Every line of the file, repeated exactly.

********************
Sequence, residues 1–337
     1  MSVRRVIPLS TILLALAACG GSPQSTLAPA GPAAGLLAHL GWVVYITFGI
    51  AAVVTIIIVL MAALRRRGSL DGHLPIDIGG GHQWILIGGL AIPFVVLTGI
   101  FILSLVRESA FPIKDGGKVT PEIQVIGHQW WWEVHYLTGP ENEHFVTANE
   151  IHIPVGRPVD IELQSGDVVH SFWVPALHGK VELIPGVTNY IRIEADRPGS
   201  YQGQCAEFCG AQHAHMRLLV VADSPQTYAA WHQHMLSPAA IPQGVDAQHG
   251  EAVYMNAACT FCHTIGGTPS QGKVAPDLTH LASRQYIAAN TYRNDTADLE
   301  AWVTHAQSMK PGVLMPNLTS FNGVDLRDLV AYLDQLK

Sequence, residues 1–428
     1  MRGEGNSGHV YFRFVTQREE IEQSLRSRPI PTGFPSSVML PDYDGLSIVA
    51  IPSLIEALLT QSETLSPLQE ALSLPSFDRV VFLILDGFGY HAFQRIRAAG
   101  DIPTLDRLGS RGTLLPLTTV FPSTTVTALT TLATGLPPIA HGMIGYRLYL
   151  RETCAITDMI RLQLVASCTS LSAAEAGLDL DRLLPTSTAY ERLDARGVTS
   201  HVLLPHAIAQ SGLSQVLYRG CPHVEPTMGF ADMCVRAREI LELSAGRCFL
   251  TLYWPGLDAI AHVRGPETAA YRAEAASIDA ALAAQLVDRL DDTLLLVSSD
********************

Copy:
Sequence, residues 1–337
     1  MSVRRVIPLS TILLALAACG GSPQSTLAPA GPAAGLLAHL GWVVYITFGI
    51  AAVVTIIIVL MAALRRRGSL DGHLPIDIGG GHQWILIGGL AIPFVVLTGI
   101  FILSLVRESA FPIKDGGKVT PEIQVIGHQW WWEVHYLTGP ENEHFVTANE
   151  IHIPVGRPVD IELQSGDVVH SFWVPALHGK VELIPGVTNY IRIEADRPGS
   201  YQGQCAEFCG AQHAHMRLLV VADSPQTYAA WHQHMLSPAA IPQGVDAQHG
   251  EAVYMNAACT FCHTIGGTPS QGKVAPDLTH LASRQYIAAN TYRNDTADLE
   301  AWVTHAQSMK PGVLMPNLTS FNGVDLRDLV AYLDQLK

Sequence, residues 1–428
     1  MRGEGNSGHV YFRFVTQREE IEQSLRSRPI PTGFPSSVML PDYDGLSIVA
    51  IPSLIEALLT QSETLSPLQE ALSLPSFDRV VFLILDGFGY HAFQRIRAAG
   101  DIPTLDRLGS RGTLLPLTTV FPSTTVTALT TLATGLPPIA HGMIGYRLYL
   151  RETCAITDMI RLQLVASCTS LSAAEAGLDL DRLLPTSTAY ERLDARGVTS
   201  HVLLPHAIAQ SGLSQVLYRG CPHVEPTMGF ADMCVRAREI LELSAGRCFL
   251  TLYWPGLDAI AHVRGPETAA YRAEAASIDA ALAAQLVDRL DDTLLLVSSD